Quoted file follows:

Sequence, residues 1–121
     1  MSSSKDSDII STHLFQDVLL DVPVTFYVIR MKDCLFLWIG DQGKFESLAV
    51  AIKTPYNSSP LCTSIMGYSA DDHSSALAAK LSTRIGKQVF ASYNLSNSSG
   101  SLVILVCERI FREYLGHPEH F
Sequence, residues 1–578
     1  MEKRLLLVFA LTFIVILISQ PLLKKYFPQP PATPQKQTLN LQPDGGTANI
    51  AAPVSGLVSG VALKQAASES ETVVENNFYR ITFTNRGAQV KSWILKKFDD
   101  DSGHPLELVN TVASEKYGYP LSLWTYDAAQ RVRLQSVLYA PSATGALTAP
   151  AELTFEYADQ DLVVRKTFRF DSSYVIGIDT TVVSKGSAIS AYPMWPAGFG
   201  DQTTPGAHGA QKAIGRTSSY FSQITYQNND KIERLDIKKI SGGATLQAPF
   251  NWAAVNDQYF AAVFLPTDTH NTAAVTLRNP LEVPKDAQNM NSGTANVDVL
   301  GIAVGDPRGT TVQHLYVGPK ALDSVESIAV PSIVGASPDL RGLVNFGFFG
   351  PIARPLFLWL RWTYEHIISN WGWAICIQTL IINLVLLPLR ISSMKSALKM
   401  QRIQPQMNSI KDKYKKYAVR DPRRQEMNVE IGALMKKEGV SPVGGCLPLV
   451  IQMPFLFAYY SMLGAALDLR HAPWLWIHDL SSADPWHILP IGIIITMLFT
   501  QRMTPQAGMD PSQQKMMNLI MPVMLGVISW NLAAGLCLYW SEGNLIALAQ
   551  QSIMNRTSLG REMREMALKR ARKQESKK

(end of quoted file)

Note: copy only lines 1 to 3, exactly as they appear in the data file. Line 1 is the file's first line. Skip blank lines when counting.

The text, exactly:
Sequence, residues 1–121
     1  MSSSKDSDII STHLFQDVLL DVPVTFYVIR MKDCLFLWIG DQGKFESLAV
    51  AIKTPYNSSP LCTSIMGYSA DDHSSALAAK LSTRIGKQVF ASYNLSNSSG